Musicians have always evoked their neighbours’ envy. Their thumping sounds and screeching vocals at odd hours have shaken many out of their slumbers. And the worst hit are next-door residents. The latest to jump the bandwagon is pop queen Madonna. The 50-plus singer recently ‘heard’ from her New York neighbour, Karen George. The lady didn’t drop by to invite Madge over for supper, but has filed a lawsuit against her in the Manhattan Supreme Court. The charges: heavy “noise”. While the superstar has her neighbour “disturbed by a lot of amplified music and vibrations pouring through walls, ceilings and radiators”, city-based musicians have faced the wrath of locals too. Recounting a “horrendous incident”, Nikhil Rufus
Raj of rock band The Superfuzz, says, “It used to happen a lot to us when we started out as a band. Once, while we were rehearsing at a friend’s bungalow, the neighbours called the cops and lodged an FIR against us. Before we knew, three cops marched down to our place and started confiscating our equipment. The owner of the place had to bail us out.” Raj has company in Ankit Kumar, vocalist of Under Siege, another Delhi-based rock outfit. “We once shooed away a kid who entered the basement we were jamming in. Within minutes, a battalion of guys armed with metallic rods dropped in to beat us black and blue,” he recalls with a laugh.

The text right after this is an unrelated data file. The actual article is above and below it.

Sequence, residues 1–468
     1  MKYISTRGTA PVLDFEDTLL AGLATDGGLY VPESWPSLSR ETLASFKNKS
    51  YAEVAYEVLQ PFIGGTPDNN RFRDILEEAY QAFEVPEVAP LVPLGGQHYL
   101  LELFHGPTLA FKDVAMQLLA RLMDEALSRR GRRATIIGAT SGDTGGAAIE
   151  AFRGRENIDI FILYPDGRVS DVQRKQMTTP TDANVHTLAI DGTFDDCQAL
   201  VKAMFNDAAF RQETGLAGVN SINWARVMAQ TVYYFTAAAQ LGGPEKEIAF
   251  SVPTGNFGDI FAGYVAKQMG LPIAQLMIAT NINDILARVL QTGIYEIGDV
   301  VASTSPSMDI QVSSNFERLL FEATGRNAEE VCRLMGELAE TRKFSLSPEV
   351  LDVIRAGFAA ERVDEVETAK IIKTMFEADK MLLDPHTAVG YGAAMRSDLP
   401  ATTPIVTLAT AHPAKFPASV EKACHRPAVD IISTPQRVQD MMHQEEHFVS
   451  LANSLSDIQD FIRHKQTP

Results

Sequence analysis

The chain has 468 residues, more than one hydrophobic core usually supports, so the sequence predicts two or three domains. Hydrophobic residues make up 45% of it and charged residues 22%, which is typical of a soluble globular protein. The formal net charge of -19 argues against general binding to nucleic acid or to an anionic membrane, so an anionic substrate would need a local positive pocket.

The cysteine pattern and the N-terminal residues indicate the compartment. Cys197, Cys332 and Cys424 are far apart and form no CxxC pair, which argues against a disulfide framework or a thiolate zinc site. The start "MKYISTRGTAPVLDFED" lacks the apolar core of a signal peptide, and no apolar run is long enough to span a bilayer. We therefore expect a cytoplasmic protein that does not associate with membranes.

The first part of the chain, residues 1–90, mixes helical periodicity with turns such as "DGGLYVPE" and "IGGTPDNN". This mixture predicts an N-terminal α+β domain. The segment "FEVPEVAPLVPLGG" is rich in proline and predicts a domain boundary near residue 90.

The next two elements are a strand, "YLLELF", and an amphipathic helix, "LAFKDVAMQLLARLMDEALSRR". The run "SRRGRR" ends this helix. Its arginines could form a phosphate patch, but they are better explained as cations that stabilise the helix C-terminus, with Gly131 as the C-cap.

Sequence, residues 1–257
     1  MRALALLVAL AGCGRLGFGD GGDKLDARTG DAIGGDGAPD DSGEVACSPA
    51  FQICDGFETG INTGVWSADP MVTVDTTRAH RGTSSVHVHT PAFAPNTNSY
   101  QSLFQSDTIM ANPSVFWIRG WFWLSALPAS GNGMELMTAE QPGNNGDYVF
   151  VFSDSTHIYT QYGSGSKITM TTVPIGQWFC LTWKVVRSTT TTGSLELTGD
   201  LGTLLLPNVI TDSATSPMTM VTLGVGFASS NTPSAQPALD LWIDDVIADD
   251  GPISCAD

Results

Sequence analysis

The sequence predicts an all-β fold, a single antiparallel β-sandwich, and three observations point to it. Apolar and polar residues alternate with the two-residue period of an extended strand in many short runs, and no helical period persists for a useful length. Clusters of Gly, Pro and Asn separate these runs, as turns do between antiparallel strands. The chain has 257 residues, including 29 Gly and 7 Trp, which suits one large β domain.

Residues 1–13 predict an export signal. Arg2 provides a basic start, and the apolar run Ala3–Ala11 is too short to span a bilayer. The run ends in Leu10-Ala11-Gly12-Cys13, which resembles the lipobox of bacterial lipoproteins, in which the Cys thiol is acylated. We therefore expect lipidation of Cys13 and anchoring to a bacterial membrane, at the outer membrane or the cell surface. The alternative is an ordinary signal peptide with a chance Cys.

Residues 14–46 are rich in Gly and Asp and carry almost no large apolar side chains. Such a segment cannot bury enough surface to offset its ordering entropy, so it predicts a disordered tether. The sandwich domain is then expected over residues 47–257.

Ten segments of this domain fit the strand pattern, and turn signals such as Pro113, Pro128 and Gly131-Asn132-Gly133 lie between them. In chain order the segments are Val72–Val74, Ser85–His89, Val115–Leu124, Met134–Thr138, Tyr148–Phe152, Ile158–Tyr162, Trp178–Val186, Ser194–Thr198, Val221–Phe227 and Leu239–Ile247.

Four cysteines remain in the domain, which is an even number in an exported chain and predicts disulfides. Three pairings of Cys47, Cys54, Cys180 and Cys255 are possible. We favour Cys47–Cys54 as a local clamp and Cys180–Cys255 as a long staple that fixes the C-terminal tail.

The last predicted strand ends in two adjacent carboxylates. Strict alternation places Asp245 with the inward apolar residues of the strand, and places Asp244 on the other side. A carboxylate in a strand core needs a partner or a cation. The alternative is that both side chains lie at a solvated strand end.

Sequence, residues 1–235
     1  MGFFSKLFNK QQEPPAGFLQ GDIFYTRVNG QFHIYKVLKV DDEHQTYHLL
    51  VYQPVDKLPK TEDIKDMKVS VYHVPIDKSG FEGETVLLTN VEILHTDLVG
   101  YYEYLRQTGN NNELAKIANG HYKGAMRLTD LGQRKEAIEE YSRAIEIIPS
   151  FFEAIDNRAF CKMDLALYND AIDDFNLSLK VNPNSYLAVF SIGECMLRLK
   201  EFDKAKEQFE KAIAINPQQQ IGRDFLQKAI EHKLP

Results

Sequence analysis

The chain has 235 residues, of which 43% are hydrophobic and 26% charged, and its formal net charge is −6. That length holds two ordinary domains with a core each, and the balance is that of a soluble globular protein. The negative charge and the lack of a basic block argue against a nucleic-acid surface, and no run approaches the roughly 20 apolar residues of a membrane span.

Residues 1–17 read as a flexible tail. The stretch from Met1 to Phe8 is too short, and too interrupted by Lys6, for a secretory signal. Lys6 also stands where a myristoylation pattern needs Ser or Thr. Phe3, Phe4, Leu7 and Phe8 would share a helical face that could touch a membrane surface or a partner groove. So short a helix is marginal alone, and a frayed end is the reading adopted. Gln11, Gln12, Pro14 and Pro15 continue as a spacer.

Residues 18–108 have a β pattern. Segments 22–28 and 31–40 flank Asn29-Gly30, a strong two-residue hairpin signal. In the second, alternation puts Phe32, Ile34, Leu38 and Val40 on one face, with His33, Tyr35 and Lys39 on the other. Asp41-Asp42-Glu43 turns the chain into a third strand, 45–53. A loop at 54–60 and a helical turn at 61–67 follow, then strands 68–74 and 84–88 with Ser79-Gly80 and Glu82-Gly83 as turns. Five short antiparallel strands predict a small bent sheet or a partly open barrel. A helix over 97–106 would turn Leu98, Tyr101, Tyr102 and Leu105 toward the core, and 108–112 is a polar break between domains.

But all thanks to jamming rooms available on rent now, musicians are finally heaving a sigh of relief. Brin Desai of the group East India Company, who doesn’t ‘face the music’ as often, thinks rented studios work best for artists. He’s also of the opinion that “the urban class has zero tolerance”. “It’s the middle class that respects your work,” he says.